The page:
FORT EDWARD -- A Vermont woman who was drunk when she caused a fatal crash in Hebron last summer was sentenced Friday to a year in Washington County Jail during an emotional hearing in Washington County Court.
The 1-year jail term was the maximum Cassie E. Earley could have received for convictions for aggravated driving while intoxicated, reckless driving and failure to keep right for causing the July 29 crash that killed Vincent J. Muro Sr., 83, of West Rutland, Vt. The crash also injured a passenger in Muro’s vehicle.
Despite the jury finding Earley was drunk, had a blood alcohol content more than double the threshold for intoxication and veered out of her lane on Route 22, she was acquitted of felony counts of second-degree manslaughter and criminally negligent homicide.
That left Washington County Judge Kelly McKeighan with sentencing options that included a maximum of 1 year in county jail, 3 years of probation and fines.
The judge heard an emotional apology from Earley, as well as a statement from Muro’s daughter, Angela Lundrigan, who told how her Korean War veteran father still worked to pay his taxes despite his age. He suffered broken ribs, a spinal injury and other internal injuries.
“He died a violent death,” she said. “He did not die immediately.”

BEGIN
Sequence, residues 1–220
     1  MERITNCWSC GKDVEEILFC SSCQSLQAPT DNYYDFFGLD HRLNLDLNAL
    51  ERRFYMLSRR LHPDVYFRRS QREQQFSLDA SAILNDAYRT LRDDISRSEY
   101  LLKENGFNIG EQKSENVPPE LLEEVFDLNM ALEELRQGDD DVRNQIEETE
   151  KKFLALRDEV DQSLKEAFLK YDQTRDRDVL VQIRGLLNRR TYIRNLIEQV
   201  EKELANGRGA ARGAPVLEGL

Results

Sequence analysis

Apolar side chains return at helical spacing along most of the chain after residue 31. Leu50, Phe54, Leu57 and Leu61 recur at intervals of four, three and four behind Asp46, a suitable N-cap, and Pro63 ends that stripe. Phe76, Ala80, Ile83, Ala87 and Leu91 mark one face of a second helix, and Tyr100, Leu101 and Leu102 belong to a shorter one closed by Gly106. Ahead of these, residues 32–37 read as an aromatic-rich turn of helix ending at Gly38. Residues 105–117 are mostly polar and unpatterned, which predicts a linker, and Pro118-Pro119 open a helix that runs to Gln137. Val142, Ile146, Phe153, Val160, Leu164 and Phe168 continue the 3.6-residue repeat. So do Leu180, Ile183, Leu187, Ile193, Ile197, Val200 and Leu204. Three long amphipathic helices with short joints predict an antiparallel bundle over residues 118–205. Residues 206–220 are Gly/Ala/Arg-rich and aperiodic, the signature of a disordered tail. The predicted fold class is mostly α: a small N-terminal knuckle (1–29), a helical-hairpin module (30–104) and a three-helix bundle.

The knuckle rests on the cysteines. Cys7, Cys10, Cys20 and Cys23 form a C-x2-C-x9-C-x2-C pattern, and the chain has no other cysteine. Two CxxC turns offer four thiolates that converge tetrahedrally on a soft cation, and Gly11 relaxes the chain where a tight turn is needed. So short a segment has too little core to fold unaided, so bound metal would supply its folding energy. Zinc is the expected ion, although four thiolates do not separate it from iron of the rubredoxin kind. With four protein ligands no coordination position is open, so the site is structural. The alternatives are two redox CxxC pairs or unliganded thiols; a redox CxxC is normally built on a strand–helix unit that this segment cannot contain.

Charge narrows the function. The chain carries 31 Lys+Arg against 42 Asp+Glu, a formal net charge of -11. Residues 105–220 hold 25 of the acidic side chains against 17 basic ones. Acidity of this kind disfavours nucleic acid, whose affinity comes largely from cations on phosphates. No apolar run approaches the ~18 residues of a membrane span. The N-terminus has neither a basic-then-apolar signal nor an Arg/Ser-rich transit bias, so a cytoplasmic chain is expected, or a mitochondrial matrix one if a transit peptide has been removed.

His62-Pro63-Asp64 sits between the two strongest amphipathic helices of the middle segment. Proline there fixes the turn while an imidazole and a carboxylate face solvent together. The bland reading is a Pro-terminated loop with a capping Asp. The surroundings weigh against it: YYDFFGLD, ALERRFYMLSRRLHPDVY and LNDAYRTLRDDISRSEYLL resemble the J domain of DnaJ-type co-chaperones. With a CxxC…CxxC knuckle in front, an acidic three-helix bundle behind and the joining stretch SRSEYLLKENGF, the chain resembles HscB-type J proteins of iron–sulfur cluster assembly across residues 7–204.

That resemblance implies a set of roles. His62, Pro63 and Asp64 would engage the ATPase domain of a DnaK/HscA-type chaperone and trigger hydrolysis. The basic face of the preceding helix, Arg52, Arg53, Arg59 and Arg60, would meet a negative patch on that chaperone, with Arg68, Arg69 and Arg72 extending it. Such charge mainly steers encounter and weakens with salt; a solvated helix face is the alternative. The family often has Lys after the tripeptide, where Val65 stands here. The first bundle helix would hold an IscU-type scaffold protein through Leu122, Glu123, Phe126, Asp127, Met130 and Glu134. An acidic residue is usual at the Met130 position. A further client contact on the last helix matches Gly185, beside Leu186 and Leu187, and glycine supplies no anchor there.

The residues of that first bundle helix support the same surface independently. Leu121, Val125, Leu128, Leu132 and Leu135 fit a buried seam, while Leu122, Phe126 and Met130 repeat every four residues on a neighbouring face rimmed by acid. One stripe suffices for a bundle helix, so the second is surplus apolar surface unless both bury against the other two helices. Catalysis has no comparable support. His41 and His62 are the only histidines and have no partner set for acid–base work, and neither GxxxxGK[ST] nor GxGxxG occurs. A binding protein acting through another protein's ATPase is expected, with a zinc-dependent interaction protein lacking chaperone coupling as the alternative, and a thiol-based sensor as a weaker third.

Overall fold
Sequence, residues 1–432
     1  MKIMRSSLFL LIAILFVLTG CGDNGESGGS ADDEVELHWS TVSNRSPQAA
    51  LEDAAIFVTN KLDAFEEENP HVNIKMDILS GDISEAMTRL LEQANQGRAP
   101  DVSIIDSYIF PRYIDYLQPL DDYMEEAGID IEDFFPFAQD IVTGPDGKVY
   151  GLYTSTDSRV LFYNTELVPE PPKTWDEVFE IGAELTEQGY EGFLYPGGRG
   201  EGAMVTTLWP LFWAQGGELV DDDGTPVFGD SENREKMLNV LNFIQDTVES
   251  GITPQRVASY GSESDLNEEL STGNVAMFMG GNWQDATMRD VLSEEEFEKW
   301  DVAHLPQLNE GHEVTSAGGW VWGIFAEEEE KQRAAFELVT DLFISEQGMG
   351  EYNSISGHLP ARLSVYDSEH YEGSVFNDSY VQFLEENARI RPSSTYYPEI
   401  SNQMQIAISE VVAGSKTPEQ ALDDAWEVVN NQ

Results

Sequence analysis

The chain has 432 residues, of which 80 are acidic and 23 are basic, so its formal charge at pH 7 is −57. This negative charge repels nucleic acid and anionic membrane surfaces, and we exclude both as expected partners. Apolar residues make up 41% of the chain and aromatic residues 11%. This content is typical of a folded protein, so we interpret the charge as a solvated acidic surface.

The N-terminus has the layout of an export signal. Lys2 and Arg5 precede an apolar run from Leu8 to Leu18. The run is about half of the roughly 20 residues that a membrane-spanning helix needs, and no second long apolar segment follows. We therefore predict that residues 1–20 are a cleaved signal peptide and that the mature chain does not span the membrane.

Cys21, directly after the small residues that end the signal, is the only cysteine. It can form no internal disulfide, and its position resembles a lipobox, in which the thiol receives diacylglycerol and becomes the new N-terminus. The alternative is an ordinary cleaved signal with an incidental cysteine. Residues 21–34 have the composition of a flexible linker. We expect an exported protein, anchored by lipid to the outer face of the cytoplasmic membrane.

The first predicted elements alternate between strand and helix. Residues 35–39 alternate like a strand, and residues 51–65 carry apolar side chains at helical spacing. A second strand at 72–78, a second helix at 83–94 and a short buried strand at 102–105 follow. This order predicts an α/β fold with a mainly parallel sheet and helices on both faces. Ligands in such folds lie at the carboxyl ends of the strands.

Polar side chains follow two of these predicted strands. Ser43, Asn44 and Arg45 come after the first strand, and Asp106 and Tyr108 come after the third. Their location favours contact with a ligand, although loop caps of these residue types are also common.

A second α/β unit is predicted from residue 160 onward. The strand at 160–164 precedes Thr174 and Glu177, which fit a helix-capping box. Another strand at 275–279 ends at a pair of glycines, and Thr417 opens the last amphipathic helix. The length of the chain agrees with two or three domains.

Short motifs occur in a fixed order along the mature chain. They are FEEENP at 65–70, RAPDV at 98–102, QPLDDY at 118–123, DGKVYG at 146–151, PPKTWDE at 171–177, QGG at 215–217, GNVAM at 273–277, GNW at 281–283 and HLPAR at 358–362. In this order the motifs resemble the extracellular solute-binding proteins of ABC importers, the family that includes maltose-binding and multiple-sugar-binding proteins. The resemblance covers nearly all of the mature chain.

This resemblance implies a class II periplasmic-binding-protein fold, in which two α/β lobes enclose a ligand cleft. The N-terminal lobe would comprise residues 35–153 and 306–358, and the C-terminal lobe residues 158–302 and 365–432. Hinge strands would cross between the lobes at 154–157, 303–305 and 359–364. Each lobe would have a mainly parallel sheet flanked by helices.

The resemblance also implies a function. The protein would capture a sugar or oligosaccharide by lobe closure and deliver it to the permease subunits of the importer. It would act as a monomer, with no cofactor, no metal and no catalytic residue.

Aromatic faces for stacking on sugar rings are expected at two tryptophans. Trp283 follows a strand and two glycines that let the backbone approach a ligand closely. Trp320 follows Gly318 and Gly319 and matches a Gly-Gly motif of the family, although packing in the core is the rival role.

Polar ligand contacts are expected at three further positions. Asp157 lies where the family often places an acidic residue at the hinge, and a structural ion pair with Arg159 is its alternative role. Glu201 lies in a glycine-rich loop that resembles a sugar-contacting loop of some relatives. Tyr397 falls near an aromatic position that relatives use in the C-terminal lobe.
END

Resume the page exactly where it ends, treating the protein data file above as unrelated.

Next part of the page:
Earley, 29, of Arlington, Vt., read a prepared statement and turned to Muro’s family in the court gallery and apologized, saying she was “full of regret and remorse.”
“I hope someday you can find it in your heart to forgive me,” she said.
She said she hasn’t drank or used drugs since the crash and is attending 12-step program meetings two or three times a week.
“I have chosen to take this as the biggest life lesson I could receive,” she said.
Earley’s lawyer, Kevin O’Brien, asked for a sentence that reflected his client’s status as a first-time DWI offender. He asked for a fine, probation and community service, saying the jury “did not determine she was criminally responsible for this death.”
McKeighan disagreed and took issue with Earley’s statement of remorse. He said she didn’t call for help from the crash scene, didn’t ask how the victims were and didn’t show remorse.
He also took issue with how “you celebrated like it was the end of a football game” when the jury found her not guilty of the felony charges.
“You were found guilty of causing that accident,” the judge said.
McKeighan also directed she spend 3 years on probation after being released from jail and have an ignition interlock device on her vehicle during that period. He also imposed $3,100 in fines and surcharges.
Earley will have to serve at least 8 months before becoming eligible for release.
She had a blood alcohol content of 0.18 percent, more than double the 0.08 percent threshold for DWI, and admitted using cocaine during a party hours before the early morning collision.
O’Brien said after Friday’s sentencing he did not agree with the judge’s analysis and said the sentence will be appealed. He said he may seek to have his client released from jail on bail pending the appeal.